John Krasinski Details How Farts Work in 'A Quiet Place'

When audiences learned the premise of the horror film A Quiet Place, with it depicting a world in [...]

When audiences learned the premise of the horror film A Quiet Place, with it depicting a world in which creatures can detect and attack the most subtle of sounds, jokes immediately began to surface about what would happen if someone unexpectedly passed gas. More than just a silly premise to discuss with your immature friends, director John Krasinski revealed that this was a topic discussed on set, revealing that pillows would help mask the bodily function.

"He was our sounding board for a lot of this," Krasinski confirmed about teenage star Noah Jupe to the Empire Film Podcast. "He said, 'What happens if we need to cough?' And I said, 'Well you guys would know to pick up a pillow and cough into the pillow' […] I only imagine now little Noah putting a pillow on his behind and farting into a pillow, knowing that it would save his life. Just try to crop-dust, as long as they're not loud and violent you're going to be fine."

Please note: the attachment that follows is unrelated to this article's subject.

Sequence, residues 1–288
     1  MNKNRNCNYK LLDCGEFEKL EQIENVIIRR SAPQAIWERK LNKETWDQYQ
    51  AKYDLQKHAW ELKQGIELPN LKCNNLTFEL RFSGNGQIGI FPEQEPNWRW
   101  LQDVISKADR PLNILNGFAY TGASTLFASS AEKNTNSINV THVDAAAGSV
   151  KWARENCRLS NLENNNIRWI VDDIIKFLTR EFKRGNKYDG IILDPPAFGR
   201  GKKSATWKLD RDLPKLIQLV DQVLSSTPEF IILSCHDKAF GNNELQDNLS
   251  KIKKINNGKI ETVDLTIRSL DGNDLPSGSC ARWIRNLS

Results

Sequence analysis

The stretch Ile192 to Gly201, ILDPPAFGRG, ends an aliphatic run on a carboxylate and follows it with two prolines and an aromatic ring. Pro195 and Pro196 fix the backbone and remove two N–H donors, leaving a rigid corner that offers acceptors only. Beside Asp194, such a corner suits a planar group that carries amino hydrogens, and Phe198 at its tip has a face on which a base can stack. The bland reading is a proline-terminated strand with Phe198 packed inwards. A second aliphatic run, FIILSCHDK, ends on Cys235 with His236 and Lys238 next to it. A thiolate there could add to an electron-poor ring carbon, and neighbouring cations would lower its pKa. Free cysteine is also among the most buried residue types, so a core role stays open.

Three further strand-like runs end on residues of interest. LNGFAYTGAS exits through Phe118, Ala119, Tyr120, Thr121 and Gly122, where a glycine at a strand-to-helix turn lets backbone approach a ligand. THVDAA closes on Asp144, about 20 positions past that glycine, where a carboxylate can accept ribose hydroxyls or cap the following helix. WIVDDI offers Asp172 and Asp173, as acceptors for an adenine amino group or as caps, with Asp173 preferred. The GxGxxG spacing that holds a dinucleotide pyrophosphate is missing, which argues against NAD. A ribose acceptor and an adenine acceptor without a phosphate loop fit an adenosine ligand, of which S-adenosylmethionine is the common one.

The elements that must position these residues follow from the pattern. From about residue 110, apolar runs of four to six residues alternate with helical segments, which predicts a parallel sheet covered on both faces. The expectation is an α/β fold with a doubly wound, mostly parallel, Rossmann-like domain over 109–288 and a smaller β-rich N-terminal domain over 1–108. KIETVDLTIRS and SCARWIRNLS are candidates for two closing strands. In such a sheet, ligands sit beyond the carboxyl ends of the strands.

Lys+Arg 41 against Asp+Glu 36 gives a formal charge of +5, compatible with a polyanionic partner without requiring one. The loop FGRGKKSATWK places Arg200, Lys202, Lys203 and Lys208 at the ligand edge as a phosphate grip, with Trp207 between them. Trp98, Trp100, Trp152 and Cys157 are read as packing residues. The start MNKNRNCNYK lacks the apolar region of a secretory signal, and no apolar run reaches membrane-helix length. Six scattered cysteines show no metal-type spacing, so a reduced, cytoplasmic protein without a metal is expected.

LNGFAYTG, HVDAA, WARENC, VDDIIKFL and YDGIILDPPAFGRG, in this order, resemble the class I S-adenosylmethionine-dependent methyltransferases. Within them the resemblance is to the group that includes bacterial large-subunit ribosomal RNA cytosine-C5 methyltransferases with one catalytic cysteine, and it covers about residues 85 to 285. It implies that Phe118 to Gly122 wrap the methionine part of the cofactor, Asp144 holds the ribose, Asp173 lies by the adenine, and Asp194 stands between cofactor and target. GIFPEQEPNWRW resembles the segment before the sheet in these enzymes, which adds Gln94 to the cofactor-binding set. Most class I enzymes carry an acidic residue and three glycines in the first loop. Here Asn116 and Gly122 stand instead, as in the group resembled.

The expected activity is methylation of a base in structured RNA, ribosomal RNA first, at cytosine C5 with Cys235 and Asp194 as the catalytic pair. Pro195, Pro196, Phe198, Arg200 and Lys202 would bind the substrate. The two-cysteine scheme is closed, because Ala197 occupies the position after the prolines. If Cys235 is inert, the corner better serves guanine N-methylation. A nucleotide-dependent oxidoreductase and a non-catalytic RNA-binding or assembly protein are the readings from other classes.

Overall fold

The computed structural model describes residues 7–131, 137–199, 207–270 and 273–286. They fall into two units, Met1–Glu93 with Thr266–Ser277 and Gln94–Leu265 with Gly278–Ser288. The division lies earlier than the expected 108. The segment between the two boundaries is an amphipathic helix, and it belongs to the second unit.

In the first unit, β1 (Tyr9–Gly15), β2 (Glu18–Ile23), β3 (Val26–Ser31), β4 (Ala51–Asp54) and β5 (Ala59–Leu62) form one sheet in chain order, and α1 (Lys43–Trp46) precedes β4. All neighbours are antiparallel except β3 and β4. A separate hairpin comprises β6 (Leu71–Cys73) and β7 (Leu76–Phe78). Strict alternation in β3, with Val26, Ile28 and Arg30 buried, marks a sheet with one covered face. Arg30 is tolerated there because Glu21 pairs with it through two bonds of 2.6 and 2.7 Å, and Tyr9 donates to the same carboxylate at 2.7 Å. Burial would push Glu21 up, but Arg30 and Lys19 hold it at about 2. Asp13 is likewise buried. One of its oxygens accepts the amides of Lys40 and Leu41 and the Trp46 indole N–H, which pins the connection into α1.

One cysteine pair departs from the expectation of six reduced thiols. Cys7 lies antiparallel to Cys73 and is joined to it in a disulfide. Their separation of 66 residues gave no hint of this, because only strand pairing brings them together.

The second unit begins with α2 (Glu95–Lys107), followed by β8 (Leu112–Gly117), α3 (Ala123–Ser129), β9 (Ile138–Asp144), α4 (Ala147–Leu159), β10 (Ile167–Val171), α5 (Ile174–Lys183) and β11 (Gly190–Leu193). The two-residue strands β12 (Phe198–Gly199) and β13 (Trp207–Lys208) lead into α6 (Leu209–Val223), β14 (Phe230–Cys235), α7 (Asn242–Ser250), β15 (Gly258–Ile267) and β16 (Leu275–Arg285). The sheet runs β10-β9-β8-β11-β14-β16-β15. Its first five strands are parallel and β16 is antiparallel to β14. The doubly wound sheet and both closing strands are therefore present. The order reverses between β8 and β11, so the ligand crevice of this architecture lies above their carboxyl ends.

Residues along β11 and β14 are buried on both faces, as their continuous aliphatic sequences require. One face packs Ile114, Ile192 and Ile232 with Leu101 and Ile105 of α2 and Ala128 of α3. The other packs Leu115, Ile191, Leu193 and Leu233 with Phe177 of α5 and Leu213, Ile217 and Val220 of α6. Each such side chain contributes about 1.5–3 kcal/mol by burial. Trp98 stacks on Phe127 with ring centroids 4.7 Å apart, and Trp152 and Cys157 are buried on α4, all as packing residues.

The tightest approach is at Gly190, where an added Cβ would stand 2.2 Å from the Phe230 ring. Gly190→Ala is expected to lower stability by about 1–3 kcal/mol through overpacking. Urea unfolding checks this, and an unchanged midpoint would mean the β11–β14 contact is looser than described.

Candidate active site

The film's trailers avoided showing audiences what the horrifying creatures looked like, with even the final film denying audiences too many prolonged looks at the beings. Despite their lack of screentime, a lot of thought went into how the monsters' skills would dictate their design.

"The design of the creature was definitely the hardest part of it," producer Andrew Form shared with CinemaBlend. "Luckily, we had ILM on the movie, who to us, are one of the best in the world, and we just kept challenging ourselves, because everyone will always say to you, 'Everything's been done. What's your creature look like?' How do you do anything new anymore, with the amount of movies that have been made? So you have these artists drawing designs and everyone looks at them and they're like 'No, that looks like Alien or that looks like this, that looks like that,' and it's really a challenge to come up with something fresh and new."

The ability to hear the softest of sounds ended up being the biggest factor in the creatures' design.

"We did have the sound element, which was our big deal. The hearing and the ears were the most important part of these creatures," Form pointed out. "Very late in the design process, the design of the creature actually happened and ILM, I'm sure, wishes it was six months earlier but we definitely were struggling with the design and are wildly happy with the way it came out."

You can see A Quiet Place in theaters now.

What do you think would be the hardest part of surviving the world of the film? Let us know in the comments below or hit up @TheWolfman on Twitter to talk all things horror and Star Wars!

[H/T Empire]